There will never again be so great an Alliance of Men and Elves such as the one that overthrew the Dark Lord at the end of the Second Age. We must see to our own protection. Is your love for the lady Nimrodel so great that you will abandon your people?

The mantle of leadership cannot be set aside because it has grown confining, or limits personal happiness. I implore you, reconsider your plan! You are needed here!

Yours in friendship,
Galadriel, daughter of Eärwen

* * *

Narwain, in the 1980th year of the Third Age

To the Lady Galadriel Eärweniel, from Amroth, son of Amdir, king of Lórien.

My lady,

I have borne the weight of rulership since my father's death on the Dagorlad. From childhood, he taught me to consider the welfare of our people above my own. 'No king's life is worth more than the lives of his people,' he told me, just before he died. 'And so a good king will take up sword and shield in their defense, will lead them through storm and darkness, fire and cold. He will suffer hunger and thirst before he allows others to go hungry. From their strength comes his own.'

That is why I made the request of you and the Lord Celeborn. I know of no better choice for my successors than the pair that led so many to safety from the ruins of Eregion. I cannot remain in Lórien, kinswoman. My foolish words to Nimrodel have woken the sea-longing that slept in her heart. The call of the sea, and the call of our love bring her a torment I fear she cannot long endure. She must take ship now, else she will fade from grief and longing.

This is my doing. Through my selfish desires, I have brought pain to my beloved. I must make it right. If this means I must leave my people, the land that has been my only home, and face the dangers of an overland journey, so be it. I will have to face my father, grant that Mandos give him swift release and rebirth, with the truth of my failure.

Nimrodel never caused the slightest harm to any living creature. The birds of the skies sing to her, the creatures of the Wood feed from her hand. The waters sing her name, and the land rejoices at the touch of her feet.

I cannot bear her suffering. She has not sung, or spoken, since that night. Three days ago, she ceased to eat, and will take only water. I must take her to the havens at Belfalas, and from there, we will sail to the West.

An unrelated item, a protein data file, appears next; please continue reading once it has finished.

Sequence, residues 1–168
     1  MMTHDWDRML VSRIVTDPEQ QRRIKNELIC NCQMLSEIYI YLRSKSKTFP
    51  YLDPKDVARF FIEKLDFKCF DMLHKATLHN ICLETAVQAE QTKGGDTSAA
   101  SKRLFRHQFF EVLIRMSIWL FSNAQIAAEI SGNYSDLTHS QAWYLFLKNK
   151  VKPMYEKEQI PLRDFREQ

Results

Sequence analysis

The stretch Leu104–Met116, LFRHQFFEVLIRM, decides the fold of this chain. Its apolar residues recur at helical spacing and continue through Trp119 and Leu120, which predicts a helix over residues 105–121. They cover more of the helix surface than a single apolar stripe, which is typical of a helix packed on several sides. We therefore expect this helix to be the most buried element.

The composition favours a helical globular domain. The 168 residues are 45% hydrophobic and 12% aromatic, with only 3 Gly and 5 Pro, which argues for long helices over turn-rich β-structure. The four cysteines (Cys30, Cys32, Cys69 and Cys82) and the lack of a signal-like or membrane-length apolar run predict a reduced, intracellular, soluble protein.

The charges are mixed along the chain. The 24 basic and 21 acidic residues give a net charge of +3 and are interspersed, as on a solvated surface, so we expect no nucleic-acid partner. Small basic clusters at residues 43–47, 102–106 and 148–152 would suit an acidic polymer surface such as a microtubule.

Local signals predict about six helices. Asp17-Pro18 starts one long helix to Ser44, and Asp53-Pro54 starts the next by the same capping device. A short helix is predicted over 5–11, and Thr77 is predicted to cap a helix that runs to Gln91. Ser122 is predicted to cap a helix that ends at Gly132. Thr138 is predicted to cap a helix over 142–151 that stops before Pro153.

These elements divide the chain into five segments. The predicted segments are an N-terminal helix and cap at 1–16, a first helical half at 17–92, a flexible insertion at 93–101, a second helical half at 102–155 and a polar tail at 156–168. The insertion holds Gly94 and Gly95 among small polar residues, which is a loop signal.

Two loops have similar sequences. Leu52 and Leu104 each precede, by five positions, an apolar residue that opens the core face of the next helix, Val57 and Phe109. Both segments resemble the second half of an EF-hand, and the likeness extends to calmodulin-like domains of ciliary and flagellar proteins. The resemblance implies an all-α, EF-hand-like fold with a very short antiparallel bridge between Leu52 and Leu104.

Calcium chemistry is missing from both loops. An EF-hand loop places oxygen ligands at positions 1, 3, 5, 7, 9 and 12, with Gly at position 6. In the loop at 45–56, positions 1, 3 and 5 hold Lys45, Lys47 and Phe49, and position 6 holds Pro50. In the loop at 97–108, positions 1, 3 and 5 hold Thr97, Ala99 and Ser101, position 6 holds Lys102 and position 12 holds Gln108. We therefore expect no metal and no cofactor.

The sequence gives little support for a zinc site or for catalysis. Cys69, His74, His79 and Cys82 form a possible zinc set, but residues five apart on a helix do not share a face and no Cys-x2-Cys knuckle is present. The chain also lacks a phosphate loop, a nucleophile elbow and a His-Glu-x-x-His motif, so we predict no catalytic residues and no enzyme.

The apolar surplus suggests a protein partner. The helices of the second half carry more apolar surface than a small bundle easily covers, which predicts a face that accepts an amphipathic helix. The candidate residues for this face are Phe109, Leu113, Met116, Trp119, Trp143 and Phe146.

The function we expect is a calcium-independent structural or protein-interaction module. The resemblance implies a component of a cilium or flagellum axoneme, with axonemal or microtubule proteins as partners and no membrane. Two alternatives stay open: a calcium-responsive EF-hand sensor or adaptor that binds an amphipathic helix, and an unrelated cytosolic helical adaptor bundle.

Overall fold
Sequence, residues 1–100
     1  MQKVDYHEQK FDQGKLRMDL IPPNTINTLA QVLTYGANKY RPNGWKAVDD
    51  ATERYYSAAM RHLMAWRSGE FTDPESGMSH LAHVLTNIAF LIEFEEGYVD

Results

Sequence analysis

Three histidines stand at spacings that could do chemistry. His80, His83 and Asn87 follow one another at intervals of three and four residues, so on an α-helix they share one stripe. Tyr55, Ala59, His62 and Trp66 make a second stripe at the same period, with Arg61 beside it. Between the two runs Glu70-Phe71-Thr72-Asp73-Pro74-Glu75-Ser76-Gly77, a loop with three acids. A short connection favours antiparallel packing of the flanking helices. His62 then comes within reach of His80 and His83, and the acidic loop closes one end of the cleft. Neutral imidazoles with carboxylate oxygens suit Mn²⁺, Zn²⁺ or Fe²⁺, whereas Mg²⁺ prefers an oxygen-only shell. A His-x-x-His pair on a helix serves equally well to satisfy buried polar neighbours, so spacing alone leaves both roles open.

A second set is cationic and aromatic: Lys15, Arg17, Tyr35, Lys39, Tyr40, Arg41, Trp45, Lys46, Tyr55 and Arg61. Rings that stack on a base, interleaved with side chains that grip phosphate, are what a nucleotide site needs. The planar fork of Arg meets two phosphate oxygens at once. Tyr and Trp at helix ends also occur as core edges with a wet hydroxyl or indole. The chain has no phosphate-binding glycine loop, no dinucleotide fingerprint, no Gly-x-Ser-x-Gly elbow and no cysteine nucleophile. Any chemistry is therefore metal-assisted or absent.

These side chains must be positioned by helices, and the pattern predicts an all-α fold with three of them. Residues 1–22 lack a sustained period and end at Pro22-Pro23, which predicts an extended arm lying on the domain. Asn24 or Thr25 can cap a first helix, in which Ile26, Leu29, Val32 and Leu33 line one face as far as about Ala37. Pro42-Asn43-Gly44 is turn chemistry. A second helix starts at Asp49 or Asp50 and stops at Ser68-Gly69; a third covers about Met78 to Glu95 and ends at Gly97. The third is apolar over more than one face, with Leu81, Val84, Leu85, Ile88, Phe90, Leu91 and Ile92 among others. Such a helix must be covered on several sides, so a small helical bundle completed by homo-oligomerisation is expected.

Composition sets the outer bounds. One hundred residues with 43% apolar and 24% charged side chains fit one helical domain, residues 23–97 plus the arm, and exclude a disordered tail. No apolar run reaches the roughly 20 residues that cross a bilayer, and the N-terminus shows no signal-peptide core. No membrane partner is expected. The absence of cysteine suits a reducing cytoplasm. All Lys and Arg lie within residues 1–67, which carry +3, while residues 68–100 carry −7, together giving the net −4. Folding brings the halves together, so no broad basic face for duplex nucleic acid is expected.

I pray for your understanding, Lady Galadriel. Yet whether I have it or no, I will sail.

Give your lord my regards, if you think he will receive them, for he is of great value to me. Your friendship has always been one of the chief blessings in my life.

Until the Valar and the One see fit to reunite us, námarië!

Amroth of Lórien

* * *

Gwirith, in the 1980th year of the Third Age

To the Lady Galadriel Eärweniel, and Lord Celeborn Doriathian, from Círdan of Mithlond, my greetings.

It is with great sorrow that I pen these words to you. Just over a month ago, a messenger-bird sent from the havens at Belfalas arrived, bearing sad tidings. Forgive me, my friends, that it took me so long to relay this news. I dared not pass on word until I could verify the tale as true.

Amroth of Lórien came to the havens at Belfalas, alone, and much worn by his journey. He sought passage West. Only a small number of our folk still resided there, hardly enough to crew the one remaining ship, so they were glad to receive him. At once, he asked for word of his betrothed, the lady Nimrodel, and her companions, for they had become separated from each other. Alas, she was not there, nor was there any report of her anywhere in those lands.

The lord Amroth persuaded the Elves there to delay just a little longer. They agreed, with reluctance. Since the Elves there were all but prepared to sail, the settlement had been stripped of all items of use and comfort. They all boarded the ship, with Amroth still insisting they wait but a day more, for Nimrodel was sure to arrive with the dawn. That night, a fierce wind sprang up, churning the waters. The Ship broke free of its moorings, and began drifting out of the bay.